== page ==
'When I use a word,' Humpty Dumpty said, in rather a scornful tone, 'it means just what I choose it to mean -- neither more nor less.'

'The question is,' said Alice, 'whether you can make words mean so many different things.'

'The question is,' said Humpty Dumpty, 'which is to be master -- that's all.'


Drafters of legislation, as well as treaties, contracts, wills, and other legal documents, sometimes need to define a word in terms more precise or sometimes somewhat different than the common meaning of the word.  It is quite another thing -- and a thoroughly bad idea -- to give a term a definition for the purpose of one document that is not at all what the term is normally understood to mean.

Does a sharp variance between the normal meaning of a term and the canned definition matter in statutory interpretation?  CJ Roberts says, "In settling on a fair reading of a statute, it is not unusual to consider the ordinary meaning of a defined term, particularly when there is dissonance between that ordinary meaning and the reach of the definition."  However, as Justice Scalia notes in his "concurring in the judgment" opinion, this principle and the others noted above are used only to resolve an ambiguity that appears on the face of the statute.  They are not generally, or properly, used when the language Congress enacted is clear and unambiguous on its face.

So what's the final result?

If section 229 reached Bond's conduct, it would mark a dramatic departure from that constitutional structure and a serious reallocation of criminal law enforcement authority between the Federal Government and the States. Absent a clear statement of that purpose, we will not presume Congress to have authorized such a stark intrusion into traditional state authority.
Okay, that ends this case.  What about the next case?  What conduct does the statute reach, if we can't go by the literal meaning of the words?  The opinion of the Court doesn't say.  Justice Scalia thinks the statute as judicially rewritten is void for vagueness.  "No one should have to ponder the totality of the circumstances in order to determine whether his conduct is a felony."  If he is right, the Court has avoided one constitutional difficulty merely to raise another.

Yet Justice Scalia's opinion suffers a similar flaw.  He would take the statute at face value and decide "whether the Act is constitutional as applied to petitioner."  No, he says.  Okay, what about the next case?  Is a statute that is clear on its face but unconstitutional as applied to a vaguely defined subset of the cases it nominally covers any less deficient in its failure to give fair warning as to what conduct is prohibited?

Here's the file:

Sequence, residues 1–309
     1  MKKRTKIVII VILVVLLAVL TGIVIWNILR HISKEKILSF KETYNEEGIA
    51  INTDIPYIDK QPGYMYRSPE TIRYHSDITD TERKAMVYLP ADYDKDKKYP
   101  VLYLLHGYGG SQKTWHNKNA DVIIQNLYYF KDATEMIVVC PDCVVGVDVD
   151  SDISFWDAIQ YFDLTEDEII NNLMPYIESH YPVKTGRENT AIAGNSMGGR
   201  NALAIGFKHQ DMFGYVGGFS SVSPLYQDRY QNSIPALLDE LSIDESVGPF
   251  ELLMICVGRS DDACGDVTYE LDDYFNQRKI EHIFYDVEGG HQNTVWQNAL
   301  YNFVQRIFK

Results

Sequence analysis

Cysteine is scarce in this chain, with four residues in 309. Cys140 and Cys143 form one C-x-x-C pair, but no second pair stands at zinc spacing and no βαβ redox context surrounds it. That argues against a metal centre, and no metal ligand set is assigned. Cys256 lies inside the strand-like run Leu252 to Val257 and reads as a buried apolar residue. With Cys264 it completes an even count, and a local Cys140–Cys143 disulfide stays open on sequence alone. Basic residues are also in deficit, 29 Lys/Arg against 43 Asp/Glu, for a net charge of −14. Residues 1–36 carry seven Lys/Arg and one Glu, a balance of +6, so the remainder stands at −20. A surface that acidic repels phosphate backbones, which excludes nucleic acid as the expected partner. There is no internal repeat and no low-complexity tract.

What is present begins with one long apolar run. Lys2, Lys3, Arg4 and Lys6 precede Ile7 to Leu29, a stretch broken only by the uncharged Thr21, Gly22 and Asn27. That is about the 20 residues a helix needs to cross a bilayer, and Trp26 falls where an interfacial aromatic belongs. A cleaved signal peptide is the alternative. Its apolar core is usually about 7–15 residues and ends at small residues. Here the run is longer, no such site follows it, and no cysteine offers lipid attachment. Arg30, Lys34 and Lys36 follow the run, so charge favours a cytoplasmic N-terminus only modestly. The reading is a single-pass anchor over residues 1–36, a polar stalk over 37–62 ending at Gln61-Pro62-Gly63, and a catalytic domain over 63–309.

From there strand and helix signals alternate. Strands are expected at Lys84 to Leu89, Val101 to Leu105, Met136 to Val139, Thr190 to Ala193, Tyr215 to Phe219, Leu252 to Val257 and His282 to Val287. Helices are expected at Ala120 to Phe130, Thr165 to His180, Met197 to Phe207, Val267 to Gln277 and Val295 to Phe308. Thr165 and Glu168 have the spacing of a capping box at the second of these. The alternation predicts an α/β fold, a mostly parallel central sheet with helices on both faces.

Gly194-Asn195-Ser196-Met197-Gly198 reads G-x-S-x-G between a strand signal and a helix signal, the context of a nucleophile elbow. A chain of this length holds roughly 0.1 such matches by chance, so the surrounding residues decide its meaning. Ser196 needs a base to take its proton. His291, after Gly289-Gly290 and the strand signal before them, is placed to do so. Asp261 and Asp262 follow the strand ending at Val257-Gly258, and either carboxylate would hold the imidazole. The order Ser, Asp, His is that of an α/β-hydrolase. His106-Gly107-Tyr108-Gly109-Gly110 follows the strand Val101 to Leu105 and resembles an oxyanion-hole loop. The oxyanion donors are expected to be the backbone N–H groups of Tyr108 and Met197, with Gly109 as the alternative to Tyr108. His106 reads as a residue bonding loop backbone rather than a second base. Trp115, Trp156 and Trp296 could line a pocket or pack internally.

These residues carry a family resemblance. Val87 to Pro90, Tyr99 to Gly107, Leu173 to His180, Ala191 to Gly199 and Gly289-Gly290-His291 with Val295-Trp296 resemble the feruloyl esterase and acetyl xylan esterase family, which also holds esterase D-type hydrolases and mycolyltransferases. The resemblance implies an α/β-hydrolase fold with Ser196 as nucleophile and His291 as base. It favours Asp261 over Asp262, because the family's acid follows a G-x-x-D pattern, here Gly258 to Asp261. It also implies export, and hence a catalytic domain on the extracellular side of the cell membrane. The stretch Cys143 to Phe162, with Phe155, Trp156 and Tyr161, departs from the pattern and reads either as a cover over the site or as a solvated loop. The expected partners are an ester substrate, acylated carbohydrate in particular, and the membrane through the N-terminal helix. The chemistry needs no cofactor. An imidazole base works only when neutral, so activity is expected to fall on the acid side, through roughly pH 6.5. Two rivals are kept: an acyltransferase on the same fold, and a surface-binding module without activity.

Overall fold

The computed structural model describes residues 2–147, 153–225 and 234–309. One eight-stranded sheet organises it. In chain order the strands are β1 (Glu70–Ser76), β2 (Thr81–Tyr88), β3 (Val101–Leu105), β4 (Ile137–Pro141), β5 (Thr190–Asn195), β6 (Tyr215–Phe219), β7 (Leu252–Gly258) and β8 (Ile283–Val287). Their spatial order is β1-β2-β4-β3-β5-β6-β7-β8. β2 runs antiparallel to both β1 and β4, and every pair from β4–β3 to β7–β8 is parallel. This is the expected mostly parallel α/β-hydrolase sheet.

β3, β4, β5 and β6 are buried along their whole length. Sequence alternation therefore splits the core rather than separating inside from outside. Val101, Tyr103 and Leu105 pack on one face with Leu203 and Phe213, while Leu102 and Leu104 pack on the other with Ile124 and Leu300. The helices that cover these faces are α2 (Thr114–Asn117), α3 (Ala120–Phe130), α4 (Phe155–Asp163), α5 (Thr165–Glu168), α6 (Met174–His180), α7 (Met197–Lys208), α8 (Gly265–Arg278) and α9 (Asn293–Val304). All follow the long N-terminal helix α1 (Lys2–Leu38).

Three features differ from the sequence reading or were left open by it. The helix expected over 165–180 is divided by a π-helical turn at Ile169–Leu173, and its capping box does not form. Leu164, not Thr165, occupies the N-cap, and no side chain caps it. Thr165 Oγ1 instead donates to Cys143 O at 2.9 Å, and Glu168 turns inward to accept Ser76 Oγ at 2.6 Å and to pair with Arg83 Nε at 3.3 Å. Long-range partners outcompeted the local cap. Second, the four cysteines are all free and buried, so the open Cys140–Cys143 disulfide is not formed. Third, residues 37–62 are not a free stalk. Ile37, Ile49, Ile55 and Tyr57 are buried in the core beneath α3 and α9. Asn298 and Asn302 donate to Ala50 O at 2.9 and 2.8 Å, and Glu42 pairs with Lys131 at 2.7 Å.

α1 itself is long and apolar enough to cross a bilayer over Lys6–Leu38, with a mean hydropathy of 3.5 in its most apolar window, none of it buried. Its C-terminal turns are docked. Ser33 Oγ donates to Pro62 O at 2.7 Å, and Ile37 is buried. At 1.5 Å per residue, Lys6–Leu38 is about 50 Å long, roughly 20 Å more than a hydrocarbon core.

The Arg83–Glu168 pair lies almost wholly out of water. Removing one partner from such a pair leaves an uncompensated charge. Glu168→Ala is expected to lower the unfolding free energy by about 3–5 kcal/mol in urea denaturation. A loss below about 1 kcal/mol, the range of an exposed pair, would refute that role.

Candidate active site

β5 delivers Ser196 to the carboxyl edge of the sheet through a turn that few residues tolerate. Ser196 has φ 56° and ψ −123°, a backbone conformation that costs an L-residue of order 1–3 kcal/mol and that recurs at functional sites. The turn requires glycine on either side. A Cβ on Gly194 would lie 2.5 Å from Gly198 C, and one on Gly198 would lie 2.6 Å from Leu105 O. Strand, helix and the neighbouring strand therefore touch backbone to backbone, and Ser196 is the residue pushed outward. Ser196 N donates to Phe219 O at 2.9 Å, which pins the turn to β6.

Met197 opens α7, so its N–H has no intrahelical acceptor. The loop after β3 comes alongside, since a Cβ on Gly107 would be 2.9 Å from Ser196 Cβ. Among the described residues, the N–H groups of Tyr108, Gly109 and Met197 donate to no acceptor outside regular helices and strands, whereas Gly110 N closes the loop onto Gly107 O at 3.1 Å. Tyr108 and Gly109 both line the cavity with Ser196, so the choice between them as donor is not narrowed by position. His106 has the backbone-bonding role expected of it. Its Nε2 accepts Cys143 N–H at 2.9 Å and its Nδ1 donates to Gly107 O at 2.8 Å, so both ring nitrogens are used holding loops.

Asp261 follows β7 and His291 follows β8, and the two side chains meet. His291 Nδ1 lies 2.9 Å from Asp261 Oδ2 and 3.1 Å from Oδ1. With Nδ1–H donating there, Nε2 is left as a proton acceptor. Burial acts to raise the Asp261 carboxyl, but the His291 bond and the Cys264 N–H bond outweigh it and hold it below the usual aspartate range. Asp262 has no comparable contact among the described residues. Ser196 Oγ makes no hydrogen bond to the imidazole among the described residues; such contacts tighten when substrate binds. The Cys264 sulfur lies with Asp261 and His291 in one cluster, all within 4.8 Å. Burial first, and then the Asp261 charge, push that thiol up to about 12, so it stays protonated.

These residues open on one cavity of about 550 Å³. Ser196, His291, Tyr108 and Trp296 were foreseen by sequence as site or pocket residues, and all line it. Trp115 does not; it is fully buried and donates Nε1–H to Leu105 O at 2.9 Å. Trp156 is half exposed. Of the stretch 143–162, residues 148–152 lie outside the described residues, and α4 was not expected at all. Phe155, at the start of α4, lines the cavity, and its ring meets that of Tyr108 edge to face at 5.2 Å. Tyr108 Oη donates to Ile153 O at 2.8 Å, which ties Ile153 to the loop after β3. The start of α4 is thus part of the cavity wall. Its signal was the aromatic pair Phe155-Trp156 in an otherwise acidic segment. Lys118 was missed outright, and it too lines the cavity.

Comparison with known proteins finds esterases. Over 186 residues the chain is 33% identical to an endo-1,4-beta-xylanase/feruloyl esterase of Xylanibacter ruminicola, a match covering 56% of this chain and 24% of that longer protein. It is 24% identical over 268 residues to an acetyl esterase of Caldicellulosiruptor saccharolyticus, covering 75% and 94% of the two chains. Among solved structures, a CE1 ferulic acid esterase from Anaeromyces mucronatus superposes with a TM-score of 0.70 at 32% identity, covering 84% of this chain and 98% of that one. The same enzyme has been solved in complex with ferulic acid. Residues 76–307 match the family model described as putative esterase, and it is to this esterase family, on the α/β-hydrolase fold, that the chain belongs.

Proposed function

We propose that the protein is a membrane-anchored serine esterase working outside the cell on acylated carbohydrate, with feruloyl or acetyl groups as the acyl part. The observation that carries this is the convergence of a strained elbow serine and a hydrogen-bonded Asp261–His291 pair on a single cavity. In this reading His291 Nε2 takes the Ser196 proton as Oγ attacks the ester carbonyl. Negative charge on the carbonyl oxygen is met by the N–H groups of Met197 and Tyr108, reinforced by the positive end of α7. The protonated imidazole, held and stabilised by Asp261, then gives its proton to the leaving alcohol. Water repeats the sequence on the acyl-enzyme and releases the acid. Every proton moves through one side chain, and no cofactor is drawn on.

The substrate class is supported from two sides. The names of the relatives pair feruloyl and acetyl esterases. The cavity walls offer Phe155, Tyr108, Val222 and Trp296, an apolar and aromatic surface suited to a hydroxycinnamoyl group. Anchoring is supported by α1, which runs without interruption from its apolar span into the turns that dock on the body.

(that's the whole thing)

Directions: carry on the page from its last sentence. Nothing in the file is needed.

There is no good way out.  The majority has intentionally misread a statute to avoid a result that most of the members of Congress had no idea would result from their enactment of a statute against "chemical weapons."  Yet it is exceedingly dangerous for courts to go around departing from the language Congress enacted without any actual ambiguity in that language.  "The question is which is to be master."  Congress is supposed to be master, at least within constitutional limits.  Let us hope that the avoidance in this case is sparingly applied, only where the statute as written actually would be unconstitutional.

What about the drafting of future statutes?  Justice Scalia says,

Who in the world would have thought that a definition is inoperative if it contradicts ordinary meaning? When this statute was enacted, there was not yet a "Bond presumption" to that effect--though presumably Congress will have to take account of the Bond presumption in the future, perhaps by adding at the end of all its definitions that depart from ordinary connotation "and we really mean it."
I have a better idea.  Every legislative body in the country should adopt a strict rule against the use of Humpty Dumpty definitions in its statutes.  Choose a word that comes close to the meaning you want and limit the definitions sections to making that approximation more precise, not completely redefining terms.

2 Comments

All this might be over my head, but is there really a need to prosecute a person for basic criminal conduct under a statute like this?

Stupid law school hypothetical - Let's say, I decide I want to cause some harm to my cheating spouse like our defendant here.

I've just finished watching a History channel show on World War I and decide it'd be a swell idea to make some mustard gas.

I mix up some bleach and ammonia (feel free to correct me, if I'm wrong on the chemical formula) and successfully make some mustard gas.

I deploy this on my cheating spouse and she gets burned a bit.

Wouldn't it just be easier to prosecute me on standard laws against assault with a deadly weapon, attempted murder etc...?

My point is, even if I used a "recognized" chemical weapon, it seems this sort of criminal conduct minor like the case at bar or more severe is adequately covered by common law type crimes.

Correct, IHMO.

Statutes like this are needed for people who, e.g., manufacture chemical weapons and sell them to despotic regimes or terrorists, and for terrorists who possess them with plans to use them for mass killings.